Hewlett Packard’s Bet On A Flash Future

Hewlett Packard Enterprise (HPE) announced a new SimpliVity appliance. With the recent acquisition of Nimble Storage Inc. for $1.2 billion, I’m curious to see how Hewlett Packard Enterprise (HPE) will utilize the data storage provider. Nimble had a value of $750 million. So even if HPE wants to expand its presence in the fast-growing flash storage business, why would HPE spend a $450 million premium on a company that loses $.30 on every dollar?

Antonio Neri discussed in a blog post how Nimble fits in well with HPE’s overall goal of making “hybrid IT” easier. With many companies moving to a hybrid environment of cloud and on-premises, flash storage is becoming more important because they are better than disk-based drives due to higher performance and lower latency. However, this comes with an expensive price tag.

The overall flash market was estimated at $15 billion in 2016 and is expected to reach nearly $20 billion by 2020, with the all-flash segment growing at a nearly 17 percent CAGR. From a market perspective, HPE gets a great product in InfoSight analytics and a route into public cloud storage for hybrid IT, along with 3Par. However, Nimble seems to be a small business solution and the way storage fundamentally exists is changing, as there are numerous technological transformations in the field. The migration from disk-based to flash storage systems is what’s fueling growth in the industry, but storage seems like it’s a commoditized product.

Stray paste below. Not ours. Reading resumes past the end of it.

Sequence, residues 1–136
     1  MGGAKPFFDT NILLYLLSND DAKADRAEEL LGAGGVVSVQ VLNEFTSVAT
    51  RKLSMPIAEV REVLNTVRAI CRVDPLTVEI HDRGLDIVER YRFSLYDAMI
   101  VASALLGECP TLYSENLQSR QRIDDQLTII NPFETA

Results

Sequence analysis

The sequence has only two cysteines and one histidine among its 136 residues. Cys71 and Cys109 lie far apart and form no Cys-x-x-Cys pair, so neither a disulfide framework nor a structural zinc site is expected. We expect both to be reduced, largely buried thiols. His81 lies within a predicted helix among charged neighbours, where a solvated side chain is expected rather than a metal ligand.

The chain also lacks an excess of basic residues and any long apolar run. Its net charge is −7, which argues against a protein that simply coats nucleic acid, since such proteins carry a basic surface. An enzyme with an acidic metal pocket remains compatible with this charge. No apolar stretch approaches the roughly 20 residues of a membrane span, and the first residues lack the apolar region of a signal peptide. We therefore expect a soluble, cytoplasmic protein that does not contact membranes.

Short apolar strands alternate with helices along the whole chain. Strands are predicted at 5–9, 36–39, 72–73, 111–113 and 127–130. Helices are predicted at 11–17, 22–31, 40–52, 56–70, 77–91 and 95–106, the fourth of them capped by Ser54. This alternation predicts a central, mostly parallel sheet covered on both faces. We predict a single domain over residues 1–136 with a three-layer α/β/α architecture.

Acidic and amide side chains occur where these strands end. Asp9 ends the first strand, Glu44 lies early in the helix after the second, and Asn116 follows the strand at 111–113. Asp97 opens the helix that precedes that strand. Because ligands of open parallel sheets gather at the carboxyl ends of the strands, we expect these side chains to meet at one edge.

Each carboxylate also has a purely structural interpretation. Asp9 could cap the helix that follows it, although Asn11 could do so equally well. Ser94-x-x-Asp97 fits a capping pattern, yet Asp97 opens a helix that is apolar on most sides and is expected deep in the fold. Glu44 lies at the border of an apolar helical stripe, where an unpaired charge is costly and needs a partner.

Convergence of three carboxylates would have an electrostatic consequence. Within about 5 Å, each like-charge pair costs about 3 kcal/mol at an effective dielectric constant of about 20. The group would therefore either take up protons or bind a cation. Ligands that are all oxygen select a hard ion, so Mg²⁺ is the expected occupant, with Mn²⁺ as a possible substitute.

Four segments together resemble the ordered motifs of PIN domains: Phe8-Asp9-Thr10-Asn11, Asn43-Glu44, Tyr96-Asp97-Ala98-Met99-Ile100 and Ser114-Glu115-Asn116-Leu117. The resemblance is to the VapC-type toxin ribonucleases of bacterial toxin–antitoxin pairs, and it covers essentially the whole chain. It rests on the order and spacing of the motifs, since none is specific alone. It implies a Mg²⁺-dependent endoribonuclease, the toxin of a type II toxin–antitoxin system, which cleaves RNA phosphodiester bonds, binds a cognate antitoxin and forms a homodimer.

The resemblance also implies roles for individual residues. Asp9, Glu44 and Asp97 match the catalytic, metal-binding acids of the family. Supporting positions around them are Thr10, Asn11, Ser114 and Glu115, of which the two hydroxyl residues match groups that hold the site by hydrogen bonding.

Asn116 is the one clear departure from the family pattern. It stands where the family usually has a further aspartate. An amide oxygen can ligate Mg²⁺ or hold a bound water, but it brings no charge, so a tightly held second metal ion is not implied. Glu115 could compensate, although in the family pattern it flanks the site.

Companies don’t seem to want to switch to an all-flash array, which is what results in the highest CAGR. The reason is that not all of customers’ data is valuable enough to them at any given point in time to be held on flash, a form of very expensive storage. Flash storage will definitely be there, but the other half of enterprise data may be some homegrown combination. Tiered solutions with a sprinkling of open sourced projects rule so Nimble may just be a play in the HPE is betting that the combination of flash and disk is the future of enterprise storage.

An interesting storyline is what HPE will do with InfoSight, which by many accounts (including, Dimitris Krekoukias) seems to be years ahead of the competition when it comes to predictive analytics. InfoSight automatically detects 90% of all issues within a customer’s infrastructure, and resolves over 85% of them. Every company would want better technical support with fewer man hours. Also, the platform has years of data on Nimble’s 10,000 customers which is just gravy for HPE.

The possibility of Simplivity selling a data center appliance that combines storage, computing, and networking in one box could be interesting. There are a bunch questions to be answered but if Meg Whitman President and CEO, HPE can deliver on her statement, “Nimble Storage’s portfolio complements and strengthens our current 3PAR products in the high-growth flash storage market and will help us deliver on our vision of making Hybrid IT simple for our customers”, HPE may ride the trend towards converged storage and computing.

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